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Rensselaer Mayor Hosts Dunn Landfill Meeting At City Hall

WAMC photo by Dave Lucas

Ongoing environmental concerns have brought a new round of attention to a Rensselaer dump.

Rensselaer Mayor Mike Stammel led a discussion Saturday at City Hall, addressing what are being called "twin trash threats:" the Dunn Landfill and the proposed Bio Hi-Tech trash processing facility.

Credit WAMC photo by Dave Lucas
Rensselaer Mayor Mike Stammel

Stammel, a Republican in his first term, says the dump has a far-reaching effect beyond city limits as pollutants are moving through East Greenbush and North Greenbush.   "Obviously they have no plans of stopping what they're doing. When the city council approved and mayor signed the contract to allow that landfill to take place, we gave as a city our rights away. For anybody who thinks 'Well, Mike Stammel is gonna get elected and he's going to close that dump tomorrow,' that can't happen. I don't have the authority, nor will I ever have the authority to do that, because we gave our rights away to the DEC to the state of New York. So they're the ones that control our future when it comes to that landfill."

Stammel noted truck traffic is taking its toll on city infrastructure. He says it will be slowed for a time as the bridge at the bottom of Partition Street has weakened and will have to be replaced soon. The crowd gasped when Stammel shared some information he said he received from landfill officials.   "They expect to continue dumping at least for another 13 years. That's a concern as well It's always going to be a concern. The only people who control this is the DEC. Originally when I spoke to the DEC and the Department of Health, The New York State Department of Health, which they're in business for, the Department of Health, which they're in business for, is to protect the residents of New York State. I had them working with myself and the environmental people from Rensselaer County and the Health Department to put air monitoring, not just on the school property, but throughout the city in different locations, so that we know exactly who's being affected by this and if there is some sort of long-term effect, first we'll know where it is and we'll know the areas that are affected."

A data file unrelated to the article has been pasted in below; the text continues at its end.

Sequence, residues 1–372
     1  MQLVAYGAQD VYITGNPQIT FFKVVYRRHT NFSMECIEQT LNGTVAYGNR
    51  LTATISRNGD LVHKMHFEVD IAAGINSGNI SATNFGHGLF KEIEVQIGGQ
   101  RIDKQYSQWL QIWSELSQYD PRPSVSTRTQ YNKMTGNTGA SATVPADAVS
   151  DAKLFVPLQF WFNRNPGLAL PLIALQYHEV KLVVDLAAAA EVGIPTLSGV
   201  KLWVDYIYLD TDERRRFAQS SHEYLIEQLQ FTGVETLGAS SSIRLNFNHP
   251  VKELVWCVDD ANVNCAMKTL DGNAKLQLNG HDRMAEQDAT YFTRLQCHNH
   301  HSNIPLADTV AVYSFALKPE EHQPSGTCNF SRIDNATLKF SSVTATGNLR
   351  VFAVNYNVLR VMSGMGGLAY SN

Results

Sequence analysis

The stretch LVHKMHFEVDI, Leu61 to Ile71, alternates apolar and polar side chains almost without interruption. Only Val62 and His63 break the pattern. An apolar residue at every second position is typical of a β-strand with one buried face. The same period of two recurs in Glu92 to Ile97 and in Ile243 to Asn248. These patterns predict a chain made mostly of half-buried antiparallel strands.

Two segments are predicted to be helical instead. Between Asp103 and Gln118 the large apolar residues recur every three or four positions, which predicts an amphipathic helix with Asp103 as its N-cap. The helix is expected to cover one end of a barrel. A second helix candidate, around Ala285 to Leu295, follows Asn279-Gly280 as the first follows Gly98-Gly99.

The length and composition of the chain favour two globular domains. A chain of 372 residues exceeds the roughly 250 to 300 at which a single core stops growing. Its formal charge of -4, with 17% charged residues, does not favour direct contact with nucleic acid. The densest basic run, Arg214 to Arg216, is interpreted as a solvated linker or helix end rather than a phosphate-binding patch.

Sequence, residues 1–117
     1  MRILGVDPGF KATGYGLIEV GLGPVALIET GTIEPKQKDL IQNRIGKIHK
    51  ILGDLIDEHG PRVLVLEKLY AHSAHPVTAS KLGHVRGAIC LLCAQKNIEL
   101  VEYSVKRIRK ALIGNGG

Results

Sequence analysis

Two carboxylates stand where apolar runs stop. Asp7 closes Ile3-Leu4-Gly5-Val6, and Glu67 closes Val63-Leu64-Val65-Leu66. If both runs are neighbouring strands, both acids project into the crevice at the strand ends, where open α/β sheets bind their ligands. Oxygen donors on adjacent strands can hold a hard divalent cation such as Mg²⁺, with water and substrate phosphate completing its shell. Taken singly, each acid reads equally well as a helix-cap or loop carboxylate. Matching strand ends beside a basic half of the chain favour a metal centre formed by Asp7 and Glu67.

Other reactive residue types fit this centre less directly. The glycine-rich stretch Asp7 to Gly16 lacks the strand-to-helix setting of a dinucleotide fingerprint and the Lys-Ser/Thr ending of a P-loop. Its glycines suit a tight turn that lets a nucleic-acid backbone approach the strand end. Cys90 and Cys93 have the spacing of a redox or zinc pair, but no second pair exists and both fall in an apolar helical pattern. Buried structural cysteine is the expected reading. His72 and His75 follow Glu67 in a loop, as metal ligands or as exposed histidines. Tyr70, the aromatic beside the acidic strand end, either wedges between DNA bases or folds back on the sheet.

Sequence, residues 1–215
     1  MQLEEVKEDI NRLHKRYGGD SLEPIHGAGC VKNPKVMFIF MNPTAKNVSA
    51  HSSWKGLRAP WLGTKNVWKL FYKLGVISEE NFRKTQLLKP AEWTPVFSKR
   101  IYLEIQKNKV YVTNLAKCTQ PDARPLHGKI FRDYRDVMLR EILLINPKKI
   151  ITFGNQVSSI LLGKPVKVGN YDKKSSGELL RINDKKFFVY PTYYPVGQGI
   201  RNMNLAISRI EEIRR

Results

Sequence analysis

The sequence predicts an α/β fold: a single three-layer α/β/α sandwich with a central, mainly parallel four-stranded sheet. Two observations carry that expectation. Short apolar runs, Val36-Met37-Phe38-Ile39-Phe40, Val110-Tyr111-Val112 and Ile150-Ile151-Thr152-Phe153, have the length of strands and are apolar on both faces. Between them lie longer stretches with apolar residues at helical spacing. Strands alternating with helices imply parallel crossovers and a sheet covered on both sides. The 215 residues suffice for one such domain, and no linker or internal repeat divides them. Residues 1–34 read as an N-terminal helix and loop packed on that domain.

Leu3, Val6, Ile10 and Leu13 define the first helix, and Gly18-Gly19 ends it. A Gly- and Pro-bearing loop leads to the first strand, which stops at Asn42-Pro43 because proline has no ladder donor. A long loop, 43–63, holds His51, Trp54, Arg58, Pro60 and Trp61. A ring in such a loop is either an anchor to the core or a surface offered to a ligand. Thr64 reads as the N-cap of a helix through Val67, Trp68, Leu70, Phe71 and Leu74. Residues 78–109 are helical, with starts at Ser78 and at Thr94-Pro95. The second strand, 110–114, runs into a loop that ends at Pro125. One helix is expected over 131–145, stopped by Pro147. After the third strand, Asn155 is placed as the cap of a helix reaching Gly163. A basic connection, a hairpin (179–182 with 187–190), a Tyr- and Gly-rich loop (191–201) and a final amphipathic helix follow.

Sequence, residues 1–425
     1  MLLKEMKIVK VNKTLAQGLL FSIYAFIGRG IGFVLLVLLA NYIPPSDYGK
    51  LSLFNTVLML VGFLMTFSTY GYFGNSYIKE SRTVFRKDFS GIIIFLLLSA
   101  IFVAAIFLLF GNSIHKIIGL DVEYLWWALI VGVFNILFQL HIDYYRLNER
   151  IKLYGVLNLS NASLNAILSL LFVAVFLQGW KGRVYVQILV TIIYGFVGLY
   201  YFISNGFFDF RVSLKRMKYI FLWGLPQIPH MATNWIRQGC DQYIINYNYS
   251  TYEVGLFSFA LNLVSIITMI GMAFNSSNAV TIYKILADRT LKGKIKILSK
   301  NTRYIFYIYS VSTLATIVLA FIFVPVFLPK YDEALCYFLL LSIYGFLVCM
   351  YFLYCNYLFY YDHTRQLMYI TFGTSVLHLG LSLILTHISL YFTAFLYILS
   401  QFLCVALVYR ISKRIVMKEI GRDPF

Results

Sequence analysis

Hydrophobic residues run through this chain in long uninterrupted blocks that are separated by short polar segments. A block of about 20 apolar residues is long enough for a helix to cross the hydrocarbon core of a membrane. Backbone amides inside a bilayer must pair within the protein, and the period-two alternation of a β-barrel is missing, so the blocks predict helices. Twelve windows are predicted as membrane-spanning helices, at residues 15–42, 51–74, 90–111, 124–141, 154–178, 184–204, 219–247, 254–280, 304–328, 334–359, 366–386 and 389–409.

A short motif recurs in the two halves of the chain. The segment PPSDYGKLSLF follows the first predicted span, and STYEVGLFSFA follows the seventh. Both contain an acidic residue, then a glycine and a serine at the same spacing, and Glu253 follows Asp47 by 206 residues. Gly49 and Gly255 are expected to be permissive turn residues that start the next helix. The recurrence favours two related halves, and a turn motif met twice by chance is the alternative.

Stammel says just as the air monitors were about to be installed, the state canceled the project.He joined residents in expressing concerns about air quality at the Rensselaer Central Schools bordering the dump.

Credit WAMC photo by Dave Lucas
East Greenbush Town Supervisor Jack Conway

East Greenbush Town Supervisor Jack Conway is a Democrat who says his constituents are dealing with odors and dust from the dump.   "We're trying to find the voice that can reach far enough to solve this problem and we're having no luck doing it. It's time it's 2020 in America. It's time to put people before profit and time to put people before politics. And it's time for DEC to not be concerned of the power or the money that is behind something like Dunn landfill, and do their job."